Supplementary Figure 5 Enhanced de novo Foxp3+ cell induction from ICTN cells utilizes IFN-I pathways but does not involve IL-10, PDL-1 or IDO.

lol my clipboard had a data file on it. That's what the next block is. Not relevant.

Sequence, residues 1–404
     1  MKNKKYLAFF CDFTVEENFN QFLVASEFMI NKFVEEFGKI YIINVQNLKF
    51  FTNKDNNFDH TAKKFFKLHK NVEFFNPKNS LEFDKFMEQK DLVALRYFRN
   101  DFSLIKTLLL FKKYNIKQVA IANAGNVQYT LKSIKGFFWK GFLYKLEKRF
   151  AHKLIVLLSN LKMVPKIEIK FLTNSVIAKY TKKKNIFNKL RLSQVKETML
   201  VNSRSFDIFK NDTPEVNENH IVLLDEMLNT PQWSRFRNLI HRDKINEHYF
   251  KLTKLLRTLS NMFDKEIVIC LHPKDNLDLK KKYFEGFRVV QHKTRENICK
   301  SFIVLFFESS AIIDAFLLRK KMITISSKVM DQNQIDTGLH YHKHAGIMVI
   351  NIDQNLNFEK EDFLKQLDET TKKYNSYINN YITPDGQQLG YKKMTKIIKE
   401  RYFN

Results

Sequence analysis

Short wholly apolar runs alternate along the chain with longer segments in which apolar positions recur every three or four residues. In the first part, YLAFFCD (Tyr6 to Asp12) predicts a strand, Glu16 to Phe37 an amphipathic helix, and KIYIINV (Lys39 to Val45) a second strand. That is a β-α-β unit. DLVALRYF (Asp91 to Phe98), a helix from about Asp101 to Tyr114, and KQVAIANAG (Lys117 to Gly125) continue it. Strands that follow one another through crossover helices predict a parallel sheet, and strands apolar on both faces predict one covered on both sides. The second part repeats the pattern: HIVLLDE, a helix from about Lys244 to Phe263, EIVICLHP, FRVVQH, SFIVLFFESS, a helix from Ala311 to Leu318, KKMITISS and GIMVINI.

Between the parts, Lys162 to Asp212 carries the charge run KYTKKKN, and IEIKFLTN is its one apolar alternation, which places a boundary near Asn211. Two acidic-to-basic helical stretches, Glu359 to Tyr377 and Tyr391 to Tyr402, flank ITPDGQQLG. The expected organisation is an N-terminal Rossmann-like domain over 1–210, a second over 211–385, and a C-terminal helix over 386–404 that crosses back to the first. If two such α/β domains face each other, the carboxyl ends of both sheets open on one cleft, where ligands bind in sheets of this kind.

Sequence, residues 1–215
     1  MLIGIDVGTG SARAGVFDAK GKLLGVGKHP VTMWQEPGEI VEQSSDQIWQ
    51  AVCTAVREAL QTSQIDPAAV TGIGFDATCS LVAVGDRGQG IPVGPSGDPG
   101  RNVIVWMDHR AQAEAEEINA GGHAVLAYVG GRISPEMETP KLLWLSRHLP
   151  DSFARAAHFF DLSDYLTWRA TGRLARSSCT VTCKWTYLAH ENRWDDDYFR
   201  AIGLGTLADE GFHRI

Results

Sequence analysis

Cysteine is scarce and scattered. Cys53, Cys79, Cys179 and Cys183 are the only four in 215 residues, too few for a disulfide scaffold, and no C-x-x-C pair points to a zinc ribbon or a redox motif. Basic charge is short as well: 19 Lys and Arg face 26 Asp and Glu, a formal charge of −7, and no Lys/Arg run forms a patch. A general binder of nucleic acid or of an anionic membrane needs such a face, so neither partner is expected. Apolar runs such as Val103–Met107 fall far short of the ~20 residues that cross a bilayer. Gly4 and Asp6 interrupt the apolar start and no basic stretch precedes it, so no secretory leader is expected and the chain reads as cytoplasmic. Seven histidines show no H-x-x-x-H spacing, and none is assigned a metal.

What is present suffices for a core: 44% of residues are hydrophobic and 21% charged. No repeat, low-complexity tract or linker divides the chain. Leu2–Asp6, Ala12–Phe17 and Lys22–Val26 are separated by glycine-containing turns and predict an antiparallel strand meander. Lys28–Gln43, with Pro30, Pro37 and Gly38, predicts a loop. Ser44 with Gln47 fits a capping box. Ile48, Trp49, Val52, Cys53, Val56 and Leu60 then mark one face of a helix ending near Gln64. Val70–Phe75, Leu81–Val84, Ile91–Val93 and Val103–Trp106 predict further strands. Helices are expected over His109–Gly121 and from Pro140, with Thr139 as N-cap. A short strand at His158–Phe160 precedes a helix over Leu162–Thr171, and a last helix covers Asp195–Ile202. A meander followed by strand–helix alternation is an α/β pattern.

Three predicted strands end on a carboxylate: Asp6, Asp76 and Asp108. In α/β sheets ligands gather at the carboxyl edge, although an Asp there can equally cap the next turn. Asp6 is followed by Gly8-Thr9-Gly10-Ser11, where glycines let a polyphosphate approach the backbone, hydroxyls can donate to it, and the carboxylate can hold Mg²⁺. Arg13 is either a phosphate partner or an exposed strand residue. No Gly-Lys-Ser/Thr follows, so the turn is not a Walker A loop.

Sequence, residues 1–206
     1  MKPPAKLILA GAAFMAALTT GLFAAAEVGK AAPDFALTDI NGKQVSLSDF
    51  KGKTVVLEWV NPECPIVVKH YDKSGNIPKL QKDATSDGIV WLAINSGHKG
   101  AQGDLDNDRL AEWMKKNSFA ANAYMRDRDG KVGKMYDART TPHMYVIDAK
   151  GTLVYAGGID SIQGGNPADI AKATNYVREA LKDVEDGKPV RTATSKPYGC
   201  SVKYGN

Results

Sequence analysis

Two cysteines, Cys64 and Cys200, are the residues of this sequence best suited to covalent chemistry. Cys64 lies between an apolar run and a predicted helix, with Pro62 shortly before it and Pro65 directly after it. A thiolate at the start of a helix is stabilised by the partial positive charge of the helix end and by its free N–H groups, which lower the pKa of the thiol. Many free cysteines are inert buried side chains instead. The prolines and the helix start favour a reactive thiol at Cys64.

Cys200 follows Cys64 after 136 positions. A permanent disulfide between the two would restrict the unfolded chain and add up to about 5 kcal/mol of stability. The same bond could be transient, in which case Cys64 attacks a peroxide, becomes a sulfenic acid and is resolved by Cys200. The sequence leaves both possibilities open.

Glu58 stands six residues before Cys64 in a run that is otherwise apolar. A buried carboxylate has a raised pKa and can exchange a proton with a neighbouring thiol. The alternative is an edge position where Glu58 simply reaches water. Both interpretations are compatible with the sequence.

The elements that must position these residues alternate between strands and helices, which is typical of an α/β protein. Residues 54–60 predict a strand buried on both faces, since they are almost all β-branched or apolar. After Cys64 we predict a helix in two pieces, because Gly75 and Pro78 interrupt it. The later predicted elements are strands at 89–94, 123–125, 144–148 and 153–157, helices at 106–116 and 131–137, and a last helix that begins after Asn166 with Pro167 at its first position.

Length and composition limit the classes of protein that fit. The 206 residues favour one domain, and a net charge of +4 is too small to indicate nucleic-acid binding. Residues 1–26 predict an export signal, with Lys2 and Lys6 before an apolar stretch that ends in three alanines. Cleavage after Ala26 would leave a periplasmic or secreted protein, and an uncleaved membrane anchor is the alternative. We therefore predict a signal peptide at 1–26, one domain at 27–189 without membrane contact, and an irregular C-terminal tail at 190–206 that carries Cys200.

(a) DR cells from mice treated with pIC, LPS, or gardiquimod were cultured 5 days with Ova-pulsed APCs with or without TGFβ, and intracellular Foxp3 was assessed. Bar graph depicts mean plus SEM of triplicate values of fold difference in % Foxp3+ relative to average control % Foxp3+ in PBS (ctr) DR cells. (b) Total spleen and lymph node cells were harvested from DR mice and incubated with either PBS, 3μg of polyI:C alone (pIC) or with blocking anti-IFNaR antibody (pIC + aIFNaR Ab), or recombinant IFNβ (IFNβ). After 48 hours, naïve CD4+ T cells were purified by MACS and cultured with Ova-pulsed APCs and TGFβ, and 3 days later stained for intracellular Foxp3. Experimental schematic shown (left). Bar graph depicts mean plus SEM of triplicate values of fold difference in % Foxp3+ relative to average control % Foxp3+ in PBS (ctr) DR cells. Data are representative of two independent experiments, n=2 mice per group. (c) WT and IfnarKO DR cells were cultured for 5 days in non-skewing conditions, then stimulated with PMA+Ionomycin and assessed for IFNγ production by intracellular cytokine staining. Bar graph depicts % IFNγ+ DR cells, mean plus SEM for triplicate values. Data are representative of two independent experiments, n=2 mice per group. (d) mRNA expression of Ifnar1 and Ifnar2 from purified DR cells from control and polyI:C-treated donors. Bar graphs depict fold change in expression of indicated mRNA from polyI:C-treated cells vs controls (set to 1) after normalization to Gapdh mRNA. Mean plus SEM of fold change ratios from three independent experiments, n=3 mice per group. (e) DR cells were rested overnight, then stimulated for 30 minutes with recombinant IFNβ and stained for intracellular phospho-STAT1. PBS added for 30 minutes as negative control. FACS histogram representative of two independent experiments. (f-g) DR cells from ctr or pIC-treated mice were cultured with Ova-peptide-pulsed APC and TGFβ in the presence of (f) rat IgG2a isotype control, anti-IL-10, or anti-PDL1 neutralizing antibodies or (g) NaOH vehicle control or 1-MT, and intracellular Foxp3 was assessed. (h-i) WT or IfnarKO DR cells were transferred into WT or IfnarKO Balb/c recipients, and host mice were treated with PBS (ctr) or pIC. Data are representative of two independent experiments, n=2 mice per group. (h) Expression of Ly6C on donor DR cells directly ex vivo. (i) DR cells were cultured with Ova-pulsed APCs in non-skewing conditions and at day 5 cultures were stimulated with PMA+Ionomycin and intracellular IFNγ was assessed. Mean plus SEM of fold change ratios from three independent experiments, n=3 mice per group. P-values by student’s two-tailed t-test, *p<0.05, **p<0.01.